CHARLESTON, SC (WCSC) - A plan to require new businesses to stop selling alcohol at midnight being considered by the city of Charleston could result in a tax increase for residents, according to a statement from the chairman of a state restaurant association.
In a letter to Charleston City Council and Mayor Joe Riley, South Carolina Restaurant & Lodging Association Chairman David McMillan argued the cutoff would decrease the amount of state and local taxes that would be collected, "potentially passing any offset for that decrease in collections along to the taxpayers in the City of Charleston."
"If approved, this ordinance would have a chilling effect on the growth of Charleston's number one industry, tourism," McMillan said. "Charleston richly deserves the distinction it has achieved as being the top tourism destination in the world. We as an Association strongly support initiatives to help grow our tourism industry. And by the same token, we strongly oppose ordinances such as this one which would create a playing field that's not level, set up selective enforcement, and stifle the growth of tourism."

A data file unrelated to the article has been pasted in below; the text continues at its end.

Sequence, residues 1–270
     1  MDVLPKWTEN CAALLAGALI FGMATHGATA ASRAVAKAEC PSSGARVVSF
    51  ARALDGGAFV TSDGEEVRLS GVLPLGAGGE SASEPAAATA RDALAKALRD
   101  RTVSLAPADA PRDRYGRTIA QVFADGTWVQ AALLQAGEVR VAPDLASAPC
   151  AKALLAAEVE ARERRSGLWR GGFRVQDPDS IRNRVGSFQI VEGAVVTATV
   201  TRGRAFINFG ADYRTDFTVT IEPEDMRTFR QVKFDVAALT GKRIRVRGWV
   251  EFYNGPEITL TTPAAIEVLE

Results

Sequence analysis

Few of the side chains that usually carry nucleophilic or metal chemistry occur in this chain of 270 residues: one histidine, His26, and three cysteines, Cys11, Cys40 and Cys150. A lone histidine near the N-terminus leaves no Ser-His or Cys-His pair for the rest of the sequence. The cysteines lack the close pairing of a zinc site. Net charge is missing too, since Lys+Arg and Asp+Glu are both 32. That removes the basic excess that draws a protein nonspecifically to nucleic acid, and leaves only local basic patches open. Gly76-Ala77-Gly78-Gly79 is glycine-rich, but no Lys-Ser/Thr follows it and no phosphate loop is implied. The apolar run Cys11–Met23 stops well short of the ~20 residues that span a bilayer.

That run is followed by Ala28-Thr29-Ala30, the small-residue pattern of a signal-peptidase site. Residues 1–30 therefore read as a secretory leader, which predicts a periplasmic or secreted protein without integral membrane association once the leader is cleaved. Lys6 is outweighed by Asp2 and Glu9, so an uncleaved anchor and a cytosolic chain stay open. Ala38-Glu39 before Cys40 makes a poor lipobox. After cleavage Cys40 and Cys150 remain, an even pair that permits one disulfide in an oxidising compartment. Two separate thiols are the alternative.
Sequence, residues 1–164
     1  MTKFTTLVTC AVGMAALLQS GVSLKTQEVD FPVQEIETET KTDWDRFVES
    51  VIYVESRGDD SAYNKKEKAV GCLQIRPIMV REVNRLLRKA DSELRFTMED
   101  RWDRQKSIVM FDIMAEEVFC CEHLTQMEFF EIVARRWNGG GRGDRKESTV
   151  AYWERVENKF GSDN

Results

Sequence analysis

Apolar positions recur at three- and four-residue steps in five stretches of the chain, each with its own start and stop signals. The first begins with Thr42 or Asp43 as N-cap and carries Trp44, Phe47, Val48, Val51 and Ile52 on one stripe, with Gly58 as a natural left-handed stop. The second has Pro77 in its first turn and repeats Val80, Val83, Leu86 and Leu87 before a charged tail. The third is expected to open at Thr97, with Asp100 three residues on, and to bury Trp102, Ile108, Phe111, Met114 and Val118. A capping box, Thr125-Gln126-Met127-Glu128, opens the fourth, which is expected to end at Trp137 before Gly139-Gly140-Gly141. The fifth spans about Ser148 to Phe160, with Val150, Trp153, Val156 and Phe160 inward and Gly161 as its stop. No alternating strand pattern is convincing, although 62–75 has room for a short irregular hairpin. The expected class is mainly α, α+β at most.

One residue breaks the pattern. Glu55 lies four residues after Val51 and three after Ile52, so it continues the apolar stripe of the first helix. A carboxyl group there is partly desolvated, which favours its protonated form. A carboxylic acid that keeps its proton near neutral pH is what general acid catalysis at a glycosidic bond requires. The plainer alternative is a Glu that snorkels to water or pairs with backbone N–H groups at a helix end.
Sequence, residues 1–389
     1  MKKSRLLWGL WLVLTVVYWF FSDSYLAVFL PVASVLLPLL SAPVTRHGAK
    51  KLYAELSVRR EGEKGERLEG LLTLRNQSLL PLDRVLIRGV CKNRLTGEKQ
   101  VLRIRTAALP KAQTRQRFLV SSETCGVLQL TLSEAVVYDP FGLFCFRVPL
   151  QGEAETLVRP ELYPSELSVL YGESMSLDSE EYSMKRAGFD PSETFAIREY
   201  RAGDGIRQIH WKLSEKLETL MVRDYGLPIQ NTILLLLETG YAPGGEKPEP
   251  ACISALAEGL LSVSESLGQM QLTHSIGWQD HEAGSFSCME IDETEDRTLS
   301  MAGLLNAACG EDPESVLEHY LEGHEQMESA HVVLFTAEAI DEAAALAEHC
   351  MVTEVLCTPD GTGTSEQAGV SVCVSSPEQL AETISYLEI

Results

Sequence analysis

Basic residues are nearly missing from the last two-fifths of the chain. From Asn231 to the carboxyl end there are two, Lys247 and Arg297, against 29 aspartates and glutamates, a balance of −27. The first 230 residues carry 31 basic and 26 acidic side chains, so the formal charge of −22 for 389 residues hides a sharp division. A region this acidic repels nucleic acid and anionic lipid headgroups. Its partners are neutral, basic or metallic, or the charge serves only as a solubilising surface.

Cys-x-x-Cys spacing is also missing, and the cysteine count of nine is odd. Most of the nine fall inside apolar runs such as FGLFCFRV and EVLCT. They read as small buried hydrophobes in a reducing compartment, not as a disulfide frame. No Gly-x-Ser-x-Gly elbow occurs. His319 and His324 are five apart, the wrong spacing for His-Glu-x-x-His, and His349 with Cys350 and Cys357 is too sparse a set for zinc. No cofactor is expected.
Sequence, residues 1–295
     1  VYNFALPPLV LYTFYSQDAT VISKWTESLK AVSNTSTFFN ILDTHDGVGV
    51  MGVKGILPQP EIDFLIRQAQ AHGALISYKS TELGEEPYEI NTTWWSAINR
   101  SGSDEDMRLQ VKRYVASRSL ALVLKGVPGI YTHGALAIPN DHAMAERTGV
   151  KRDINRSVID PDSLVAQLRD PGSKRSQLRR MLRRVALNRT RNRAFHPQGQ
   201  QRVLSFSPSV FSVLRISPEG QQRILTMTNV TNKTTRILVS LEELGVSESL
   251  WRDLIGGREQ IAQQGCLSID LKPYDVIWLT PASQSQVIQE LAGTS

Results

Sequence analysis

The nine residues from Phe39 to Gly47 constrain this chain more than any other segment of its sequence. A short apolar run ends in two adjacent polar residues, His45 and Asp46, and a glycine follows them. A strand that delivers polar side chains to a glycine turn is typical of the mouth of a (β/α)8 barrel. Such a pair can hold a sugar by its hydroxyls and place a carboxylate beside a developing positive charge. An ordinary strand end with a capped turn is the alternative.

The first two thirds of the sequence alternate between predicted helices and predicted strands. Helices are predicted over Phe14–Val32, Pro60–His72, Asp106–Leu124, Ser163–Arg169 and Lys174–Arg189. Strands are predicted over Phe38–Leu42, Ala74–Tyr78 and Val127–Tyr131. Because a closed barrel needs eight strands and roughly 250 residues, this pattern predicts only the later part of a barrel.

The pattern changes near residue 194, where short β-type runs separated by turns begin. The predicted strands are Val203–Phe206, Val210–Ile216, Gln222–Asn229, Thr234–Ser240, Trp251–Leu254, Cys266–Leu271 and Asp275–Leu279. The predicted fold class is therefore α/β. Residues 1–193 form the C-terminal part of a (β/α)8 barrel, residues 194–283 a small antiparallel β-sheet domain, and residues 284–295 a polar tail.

City officials have said the ordinance is an effort to attract a variety of businesses to downtown.
The ordinance would make permanent a temporary moratorium passed by city council affecting businesses spanning King Street from Broad to Poplar Streets and sections of Meeting and East Bay Streets. The midnight cutoff only applies to future businesses that want to serve alcohol.
The May 27 vote for the ban sent the proposed ordinance to the Charleston Planning Commission, which is expected to conduct a public hearing on the ordinance. The outcome of recommendations from the commission will affect the ordinance's second and third readings by city council.
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